(AC) voltage acts across the XX/ plates.. Once the electron leaves the plate region

its velocity ‘v ‘is constant and makes angle with Z-axis. The component of it’s

velocity along Z-axis is v|| =v cos When the AC deflecting velocity is

switched on, different electrons receive varying velocity v and hence a line

gets formed on the CRT screen.

fig 1

I.2 When the CRT is placed along the axis of the solenoid then there is a magnetic

field B= o n I (along the axis of the solenoid) which acts on the electron. Here

n=number of turns per unit length of the solenoid and I=current in the solenoid,

length of the solenoid and I=current in the solenoid.

54

Fig 2

I.3 When the magnetic field is present the motion of

the electron in the CRT is helical. This is seen as

follows. Viewed along the Z-axis with the

magnetic field coming out of the page, the

magnetic field has the effect of making the

electron move in a circular path (fig3). The

centripetal force is

m v ⊥2

= e v⊥ B -------- (1)

r Fig. 3

eB

gives =

m

2 m

The time period of evolution is T = ------------------------------------ (2)

eB

Note that T is independent of v

Along with the circular motion the electron has a longitudinal velocity v|| v

which transforms the purely rotational motion to helical path (fig 4)

fig 4

I.4. The pitch of the helical motion is defined as longitudinal distance moved in one full

rotational period i.e.

55

I.4. The pitch of the helical motion is defined as longitudinal distance moved in one full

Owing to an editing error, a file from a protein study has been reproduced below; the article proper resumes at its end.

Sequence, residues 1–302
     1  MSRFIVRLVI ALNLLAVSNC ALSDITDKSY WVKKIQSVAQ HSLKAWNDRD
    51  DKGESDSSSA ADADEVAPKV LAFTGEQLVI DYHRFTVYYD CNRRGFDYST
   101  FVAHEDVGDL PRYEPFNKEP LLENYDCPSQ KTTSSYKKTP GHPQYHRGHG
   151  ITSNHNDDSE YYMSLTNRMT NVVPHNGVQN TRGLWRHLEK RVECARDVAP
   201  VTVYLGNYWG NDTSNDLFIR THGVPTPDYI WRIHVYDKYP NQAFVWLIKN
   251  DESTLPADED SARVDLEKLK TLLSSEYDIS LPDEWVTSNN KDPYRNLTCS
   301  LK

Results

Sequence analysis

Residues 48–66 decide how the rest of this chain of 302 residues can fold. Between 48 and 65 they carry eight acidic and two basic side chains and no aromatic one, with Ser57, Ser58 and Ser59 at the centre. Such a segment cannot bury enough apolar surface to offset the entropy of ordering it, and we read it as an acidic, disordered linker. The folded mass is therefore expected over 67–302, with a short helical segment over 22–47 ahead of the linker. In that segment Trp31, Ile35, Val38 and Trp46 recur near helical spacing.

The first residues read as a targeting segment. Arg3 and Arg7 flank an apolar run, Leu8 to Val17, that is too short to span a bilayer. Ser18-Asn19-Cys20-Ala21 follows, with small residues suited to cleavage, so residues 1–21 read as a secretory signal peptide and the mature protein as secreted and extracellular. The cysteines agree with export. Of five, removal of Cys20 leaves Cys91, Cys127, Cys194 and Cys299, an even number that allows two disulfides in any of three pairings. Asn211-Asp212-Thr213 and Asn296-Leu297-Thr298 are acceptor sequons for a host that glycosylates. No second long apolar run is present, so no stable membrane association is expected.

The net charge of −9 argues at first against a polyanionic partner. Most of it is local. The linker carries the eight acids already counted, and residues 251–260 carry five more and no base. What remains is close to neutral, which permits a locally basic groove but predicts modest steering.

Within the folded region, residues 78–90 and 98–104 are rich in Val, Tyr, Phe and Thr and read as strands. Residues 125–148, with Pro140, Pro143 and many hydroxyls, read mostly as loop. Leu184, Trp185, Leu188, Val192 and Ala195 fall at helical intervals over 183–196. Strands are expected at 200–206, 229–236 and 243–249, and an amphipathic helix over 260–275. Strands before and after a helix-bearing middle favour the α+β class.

rotational period i.e.

2 mv

pitch = v||T -----------------(3)

eB

I.5. When the magnetic field is switched on the line on the CRT rotates and shrinks. The

AC deflecting voltage produces a range of “v values (both +ve and –ve) for the

transverse velocities of the electrons. The radii of different electrons will be different

but all the electrons rotate through the same angle in the same time causing the line

on the screen to rotate. (fig 5).

rotates through a full circle then the line on the

CRT screen will shrink to a point .For this

purpose to happen the distance L (from plate

to screen of the CRT )should at least

equal to one pitch of the helix . By adjusting

B the pitch of the helix can be made equal to

L and the lines becomes a point .This is called fig.5

focusing action of the magnetic field.

2 mv

L= pitch = ---------------------- (4)

eB

The velocity ‘v’ of the electron can be estimated using the accelerating Va , by

2 e Va

(½) m v2 = e Va > ----------------------------- (5)

m

Thus,

2 2 Va m

L=

B e

giving,

e 8 Va

= --------------------------- (6)

m L2 B 2

The value of the ratio (e/m) can be calculated knowing the accelerating voltage Va

the distance L and the magnetic field of the solenoid B .

1. Insert the CRT in the solenoid approximately at the middle position. Place the

axis of the solenoid parallel to the magnetic meridian. (This is to counter balance

the effect of the Earth’s magnetic field).

2. Insert the plug of the CRT to the base of the power supply.

3. Connect the DC power supply, rheostat & solenoid in series as shown in fig.6

56

Fig 6

4. Let the DC power supply to solenoid be switched off to begin with. Switch on

the power supply to the CRT. Select the AC supply in the ‘Off’ position .Use

the intensity & the focus controls to obtain a point –like spot at the center of

the screen. Next select the AC supply in the ‘X’ position and adjust the

voltage using the control to get a line on the screen about 1.5 cm long

.Using a voltmeter across the terminals of the accelerating voltage supply adjust

the control to set the voltage Va=250 V.

5. Switch on the DC power supply to the solenoid .As you increase the voltage the

line on the screen shrinks and also rotates. Increase the voltage so that the

line shrinks to a point on the screen. This is the focusing effect. If the does not

completely shrink to a point in the voltage range available adjust the rheostat

position till this is possible. Note down the current I1 through the solenoid at this

point.

6. Keeping all settings same, interchange the contact at A&B (fig 6). This reverses